Chief Justice Roberts says high court not exempt from ethics rules
Chief Justice John G. Roberts Jr. assured the public that members of the Supreme Court are not “exempt” from the ethics rules for federal judges, including the requirement to step aside from a case if there are reasonable doubts about their impartiality.
But each justice gets to decide on his or her fitness to rule on a case, he said Saturday, and their decisions are subject to no further review.
“This is a consequence of the Constitution’s command that there be only ‘one Supreme Court.’ The Justices serve on the nation’s court of last resort,” Roberts said.
Without citing the specifics, the chief justice addressed a controversy that has swirled around the high court in the run-up to the constitutional challenge to President Obama’s healthcare law.
“I have complete confidence in the capability of my colleagues to determine when recusal is warranted,” Roberts wrote in his year-end report on the federal judiciary. “They are jurists of exceptional integrity and experience…. I know that they each give careful consideration to any recusal questions that arise in the course of their judicial duties.”
Some House Democrats and liberal activists have insisted that Justice Clarence Thomas should step aside, or recuse, from the case because his wife, Virginia, led a tea party group calling for the “repeal of Obamacare.”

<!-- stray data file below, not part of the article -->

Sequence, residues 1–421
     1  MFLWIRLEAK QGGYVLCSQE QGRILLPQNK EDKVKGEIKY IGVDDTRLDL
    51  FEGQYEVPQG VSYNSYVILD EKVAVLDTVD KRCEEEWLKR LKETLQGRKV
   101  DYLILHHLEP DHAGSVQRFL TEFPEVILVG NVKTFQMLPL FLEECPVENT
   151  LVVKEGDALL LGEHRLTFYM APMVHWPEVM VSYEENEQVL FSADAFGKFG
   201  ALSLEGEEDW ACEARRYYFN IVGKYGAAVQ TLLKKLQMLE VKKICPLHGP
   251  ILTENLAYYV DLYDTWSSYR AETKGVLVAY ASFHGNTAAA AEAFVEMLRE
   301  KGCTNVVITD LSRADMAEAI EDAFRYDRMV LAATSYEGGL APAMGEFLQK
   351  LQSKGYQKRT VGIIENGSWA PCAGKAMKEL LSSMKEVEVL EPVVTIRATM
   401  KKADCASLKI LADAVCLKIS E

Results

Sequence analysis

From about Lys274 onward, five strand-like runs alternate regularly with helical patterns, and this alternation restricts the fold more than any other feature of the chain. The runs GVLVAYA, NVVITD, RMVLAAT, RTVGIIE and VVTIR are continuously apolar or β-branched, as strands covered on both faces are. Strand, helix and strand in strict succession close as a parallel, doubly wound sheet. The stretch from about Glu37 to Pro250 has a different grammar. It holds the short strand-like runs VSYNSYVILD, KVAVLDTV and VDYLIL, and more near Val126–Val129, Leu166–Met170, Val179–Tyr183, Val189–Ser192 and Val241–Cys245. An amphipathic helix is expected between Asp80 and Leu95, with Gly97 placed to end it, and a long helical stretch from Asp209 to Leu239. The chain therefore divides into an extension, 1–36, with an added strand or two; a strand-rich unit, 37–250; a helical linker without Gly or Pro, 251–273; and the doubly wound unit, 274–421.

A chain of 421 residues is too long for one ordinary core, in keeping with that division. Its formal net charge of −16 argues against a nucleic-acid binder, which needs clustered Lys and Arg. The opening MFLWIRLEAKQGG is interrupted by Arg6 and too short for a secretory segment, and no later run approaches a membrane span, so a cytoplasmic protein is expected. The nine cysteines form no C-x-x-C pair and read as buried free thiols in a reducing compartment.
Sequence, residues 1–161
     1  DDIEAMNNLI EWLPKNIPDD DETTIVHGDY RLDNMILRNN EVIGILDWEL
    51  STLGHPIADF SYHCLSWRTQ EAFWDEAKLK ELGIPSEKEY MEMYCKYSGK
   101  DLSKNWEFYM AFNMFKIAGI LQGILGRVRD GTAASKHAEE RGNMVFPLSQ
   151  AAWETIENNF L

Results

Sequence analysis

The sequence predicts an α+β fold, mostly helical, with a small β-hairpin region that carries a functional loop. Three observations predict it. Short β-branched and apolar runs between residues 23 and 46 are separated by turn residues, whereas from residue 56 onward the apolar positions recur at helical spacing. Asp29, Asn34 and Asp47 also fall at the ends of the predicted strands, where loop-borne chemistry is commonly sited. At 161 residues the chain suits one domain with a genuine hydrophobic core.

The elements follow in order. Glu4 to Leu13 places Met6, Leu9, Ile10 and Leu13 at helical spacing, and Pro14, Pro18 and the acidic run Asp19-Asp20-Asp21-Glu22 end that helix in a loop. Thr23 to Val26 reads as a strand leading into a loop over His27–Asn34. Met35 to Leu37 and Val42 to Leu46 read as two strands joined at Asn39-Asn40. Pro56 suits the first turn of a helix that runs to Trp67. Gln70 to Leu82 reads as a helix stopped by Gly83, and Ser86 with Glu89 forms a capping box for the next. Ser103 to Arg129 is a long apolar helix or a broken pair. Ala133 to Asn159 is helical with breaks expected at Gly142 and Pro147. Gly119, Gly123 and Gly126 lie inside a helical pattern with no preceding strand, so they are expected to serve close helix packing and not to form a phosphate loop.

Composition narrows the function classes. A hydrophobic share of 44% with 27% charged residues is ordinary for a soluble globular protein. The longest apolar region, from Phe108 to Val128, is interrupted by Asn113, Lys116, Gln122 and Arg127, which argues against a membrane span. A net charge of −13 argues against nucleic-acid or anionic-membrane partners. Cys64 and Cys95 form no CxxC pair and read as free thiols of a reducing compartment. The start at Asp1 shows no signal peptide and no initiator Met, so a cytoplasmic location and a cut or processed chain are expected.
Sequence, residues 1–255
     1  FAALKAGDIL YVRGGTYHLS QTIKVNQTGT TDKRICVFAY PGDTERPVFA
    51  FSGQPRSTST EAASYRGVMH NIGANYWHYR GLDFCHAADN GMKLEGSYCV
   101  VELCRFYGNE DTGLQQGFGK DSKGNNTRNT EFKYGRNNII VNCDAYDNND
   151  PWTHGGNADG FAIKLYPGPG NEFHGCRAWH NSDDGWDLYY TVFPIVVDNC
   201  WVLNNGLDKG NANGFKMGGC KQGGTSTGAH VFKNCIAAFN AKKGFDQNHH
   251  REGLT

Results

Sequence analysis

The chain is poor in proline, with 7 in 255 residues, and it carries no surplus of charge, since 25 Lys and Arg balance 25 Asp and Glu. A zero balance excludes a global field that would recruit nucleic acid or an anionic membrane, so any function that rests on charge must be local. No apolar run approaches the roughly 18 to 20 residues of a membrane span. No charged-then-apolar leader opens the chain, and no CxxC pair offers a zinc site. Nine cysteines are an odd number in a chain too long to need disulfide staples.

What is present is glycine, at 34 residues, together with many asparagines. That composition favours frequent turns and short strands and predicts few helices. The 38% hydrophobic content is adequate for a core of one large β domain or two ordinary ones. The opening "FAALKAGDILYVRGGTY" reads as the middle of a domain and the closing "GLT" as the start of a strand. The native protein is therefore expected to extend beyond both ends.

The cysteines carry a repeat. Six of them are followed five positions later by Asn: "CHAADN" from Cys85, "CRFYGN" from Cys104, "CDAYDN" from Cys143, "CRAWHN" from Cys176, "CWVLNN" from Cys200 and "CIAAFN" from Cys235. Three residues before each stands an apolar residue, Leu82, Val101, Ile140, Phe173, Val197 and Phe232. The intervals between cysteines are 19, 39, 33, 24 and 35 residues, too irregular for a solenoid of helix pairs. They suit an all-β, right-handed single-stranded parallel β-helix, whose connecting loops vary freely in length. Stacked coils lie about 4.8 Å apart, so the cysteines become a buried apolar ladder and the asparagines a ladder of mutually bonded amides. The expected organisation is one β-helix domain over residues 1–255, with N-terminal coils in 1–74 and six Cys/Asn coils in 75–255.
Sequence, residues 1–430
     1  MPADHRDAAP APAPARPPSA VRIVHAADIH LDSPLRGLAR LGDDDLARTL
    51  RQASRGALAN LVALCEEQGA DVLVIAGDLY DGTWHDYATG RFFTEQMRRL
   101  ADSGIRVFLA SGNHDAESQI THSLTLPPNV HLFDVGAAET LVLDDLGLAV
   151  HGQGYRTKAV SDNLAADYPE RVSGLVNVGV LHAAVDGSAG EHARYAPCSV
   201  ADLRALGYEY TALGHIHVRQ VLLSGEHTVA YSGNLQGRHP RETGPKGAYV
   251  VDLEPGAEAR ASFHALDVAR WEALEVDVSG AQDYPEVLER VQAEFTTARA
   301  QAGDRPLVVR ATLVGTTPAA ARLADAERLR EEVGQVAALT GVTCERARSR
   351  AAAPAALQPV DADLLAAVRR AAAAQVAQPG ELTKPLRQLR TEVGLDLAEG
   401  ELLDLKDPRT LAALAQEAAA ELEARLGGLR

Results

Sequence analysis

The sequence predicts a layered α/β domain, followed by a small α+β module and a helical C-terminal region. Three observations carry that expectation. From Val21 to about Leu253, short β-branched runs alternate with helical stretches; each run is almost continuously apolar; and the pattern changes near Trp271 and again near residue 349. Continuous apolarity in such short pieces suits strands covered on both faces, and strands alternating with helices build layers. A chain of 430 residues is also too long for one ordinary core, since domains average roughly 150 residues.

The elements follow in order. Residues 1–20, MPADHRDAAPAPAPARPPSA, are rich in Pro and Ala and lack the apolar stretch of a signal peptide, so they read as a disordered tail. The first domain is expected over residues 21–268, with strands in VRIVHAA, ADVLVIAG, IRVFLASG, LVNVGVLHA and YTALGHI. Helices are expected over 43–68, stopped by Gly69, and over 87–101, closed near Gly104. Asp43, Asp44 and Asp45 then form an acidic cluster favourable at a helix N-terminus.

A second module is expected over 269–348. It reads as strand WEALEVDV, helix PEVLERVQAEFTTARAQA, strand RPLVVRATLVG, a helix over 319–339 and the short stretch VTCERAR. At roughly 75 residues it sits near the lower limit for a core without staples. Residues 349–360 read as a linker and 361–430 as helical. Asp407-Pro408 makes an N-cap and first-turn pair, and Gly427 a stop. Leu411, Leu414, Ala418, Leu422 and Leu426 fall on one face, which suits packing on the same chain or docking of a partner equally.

At the same time, some Republicans and conservative activists have insisted that Justice Elena Kagan should step aside because she was Obama’s solicitor general when the healthcare bill was signed into law in March 2010. A few weeks later, the president nominated her to the high court. Kagan told senators in her confirmation hearing that she would withdraw from any case in which she had done legal work before joining the court.
Kagan stepped aside from more than 20 cases in her first year. In early December, she signaled she would stay out of the Obama administration’s clash with Arizona over immigration enforcement.
But Kagan and Thomas have given no hint they will withdraw from the healthcare case.
The chief justice gently batted aside several suggestions for change. He said the justices as a group have not and should not review a decision by one of their colleagues on whether to drop out of case. Such a policy “would create an undesirable situation in which the court could affect the outcome of a case by selecting who among its members may participate,” he wrote.
He also noted the high cost of one justice stepping aside.
If one of the nine justices were to withdraw from the healthcare case, the outcome could be a 4-4 tie vote. That would leave the law in a muddle because the healthcare’s individual mandate has been deemed unconstitutional in one regional circuit and upheld in another. A justice cannot withdraw from a case “as a matter of convenience or simply to avoid controversy,” Roberts wrote.
The chief justice also warned Congress to keep its distance. Twice, he cast doubt on whether lawmakers can impose an ethics rules on the high court, a separate branch of government. While the justices choose to abide by the current ethics rules, he said, “the limits of Congress’s power to require [them] have never been tested.”
-- David Savage in Washington
Photo: The Justices of the US Supreme Court sit for their official photograph on October 8, 2010 at the Supreme Court in Washington. Front row (L-R): Associate Justice Clarence Thomas, Associate Justice Antonin Scalia, Chief Justice John G. Roberts Jr., Associate Justice Anthony M. Kennedy and Associate Justice Ruth Bader Ginsburg. Back Row (L-R): Associate Justice Sonia Sotomayor, Associate Justice Stephen Breyer, Associate Justice Samuel Alito Jr. and Associate Justice Elena Kagan. (TIM SLOAN/AFP/Getty Images)